UK immigration policy and visa options for EU and non-EU citizens are likely to soon be overhauled. UK employers relying on EU and non-EU workers should not take any chances.
Permanent Residence applications for European Economic Area (EEA) nationals and Indefinite Leave to Remain applications for non-EEA nationals are the best way of ensuring the future of employees from outside the UK.
Permanent Residence applications for European Economic Area (EEA) nationals
Since November 2015, all EEA citizens applying for UK citizenship must first apply to become a Permanent Resident of the UK.
Permanent Residence is just that – permanent. It does not have to be renewed and holders are therefore not vulnerable to the erratic changes of UK’s immigration policies.
In deportation cases, a Permanent Resident can only be deported if there are serious public policy or public security grounds.
Permanent Residence holders can also sponsor family members from third countries, even if they are no longer ‘qualified persons.’
To qualify as a Permanent Resident, EEA citizens must prove they have been living in the UK for at least five continuous years.
Continued residence means not being absent for a period of more than six months.
EEA nationals must have been validly exercising their treaty rights for the entire five-year period. This means they must have been a ‘qualified person’ for the entire period (i.e. a worker, self-employed, self-sufficient, student or jobseeker).
Family members, or in limited circumstances former family members, are also eligible to apply to become a Permanent Resident. Retirees and those who have ceased their ‘qualified person’ activity because of permanent incapacitation or self-employment in another EEA state are also eligible.
Fees and other requirements
The Permanent Residence application fee is £65 and the maximum processing time is six months.
For EEA citizens, there is no further requirement to take an English language or a Life in the UK test.
Indefinite Leave to Remain for non-EEA citizens
A review of UK immigration policy may also have a detrimental impact on UK visa holders from countries outside of the EEA.
Non-EEA citizens (including those on an EEA family visa) who demonstrate a commitment to the UK on a temporary visa are entitled to apply for an Indefinite Leave to Remain visa after a set period of time to preserve their rights.
This is similar to the Permanent Residence application that EEA citizens can make, but there some further restrictions that apply to applicants from outside of the EEA.
For holders of most types of visas the applicable time threshold is also five years. Applicants cannot have been absent from the UK for a period greater than six months in any year.
Tier 2 (General) visas are now only valid for a maximum of six years and are non-renewable. There is only a small window of 12 months where eligible holders may apply for settlement.
If the Tier 2 worker does not qualify for Indefinite Leave to Remain before the expiry of their temporary visa, they are subject to a 12-month ‘cooling off period’, during which they are unable to reside in the UK.
Fees and other requirements
Non-EEA visa holders are required to establish that their visa entitlements remain valid and have remained valid for the entire visa period.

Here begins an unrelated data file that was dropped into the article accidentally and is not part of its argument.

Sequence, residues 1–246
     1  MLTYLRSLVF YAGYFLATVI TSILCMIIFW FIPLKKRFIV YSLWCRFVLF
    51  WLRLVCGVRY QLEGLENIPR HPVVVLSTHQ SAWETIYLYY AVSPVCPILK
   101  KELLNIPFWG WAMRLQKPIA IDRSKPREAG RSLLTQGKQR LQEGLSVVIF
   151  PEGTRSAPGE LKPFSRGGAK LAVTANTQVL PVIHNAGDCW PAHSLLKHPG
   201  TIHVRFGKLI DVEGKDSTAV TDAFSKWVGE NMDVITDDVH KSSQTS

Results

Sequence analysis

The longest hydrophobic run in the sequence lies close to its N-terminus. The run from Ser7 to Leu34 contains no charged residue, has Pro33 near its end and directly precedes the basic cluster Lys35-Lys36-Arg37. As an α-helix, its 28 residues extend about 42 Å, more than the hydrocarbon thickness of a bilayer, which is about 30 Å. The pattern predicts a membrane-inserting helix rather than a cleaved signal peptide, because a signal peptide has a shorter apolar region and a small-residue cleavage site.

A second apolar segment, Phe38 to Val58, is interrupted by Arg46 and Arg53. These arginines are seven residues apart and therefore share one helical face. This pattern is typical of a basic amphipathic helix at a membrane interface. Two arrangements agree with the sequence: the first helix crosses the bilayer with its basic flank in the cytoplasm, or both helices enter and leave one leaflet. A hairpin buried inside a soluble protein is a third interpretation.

Tier 2 workers, for example, must verify their continued employment. A partner visa holder is required to establish that he or she remains in a genuine, qualifying relationship and continues to meet the requisite financial criteria.
In most circumstances, the fee for Indefinite Leave to Remain is £1,875. The processing time is a maximum of six months.
English language test and Life in the UK Test
All non-EEA applicants aged 18-64 must also pass an English language test and an exam designed to test the applicant’s knowledge of British traditions and customs.
For the British Citizen test, or ‘Life in the UK’ test, applicants must score at least 75% or above to pass.
The test may be taken as many times as necessary but there is a fee for each test taken.
New requirements for Tier 2 Working Visas
Under recent Tier 2 Visa reforms, non-EEA workers on a Tier 2 (General) or (Sportsperson) visa must now earn £35,000 annually to qualify for settlement. Some occupations must demonstrate an even higher salary.
Between 2016 and 2020, this threshold will increase incrementally to £36,200, to reflect forecasted rises in salary rates.
When a Tier 2 visa holder makes an application for Indefinite Leave to Remain, an employer must confirm in writing that the person is being paid at least £35,000 per annum.
Additional earnings from overtime or a second job do not count towards the threshold.
The policy was announced in 2012 and applies from 6 April 2016 for any Tier 2 applications where the applicant arrived in the UK after April 2011.
The policy has been significantly criticised for unfairly discriminating against health, technology, charity, arts and creative workers.
According to the impact assessment conducted by the Home Office in 2012, it is estimated that 16% of Tier 2 settlement applications would be rejected under the new rules.
Certain PhD level positions, roles that feature (or have featured during the time the worker was sponsored) on the Tier 2 Shortage Occupation List, Tier 2 (minister of religion) and (intra-company transfer) visas are exempt from the rules.
The threshold does not apply to EEA residence.
Indefinite Leave to Remain and Permanent Residence applications are often viewed as simply a necessary stepping stone to naturalisation.
In these times of uncertainty, however, they are an effective way for foreign nationals to secure their rights in the UK, while providing much-needed certainty for their employers.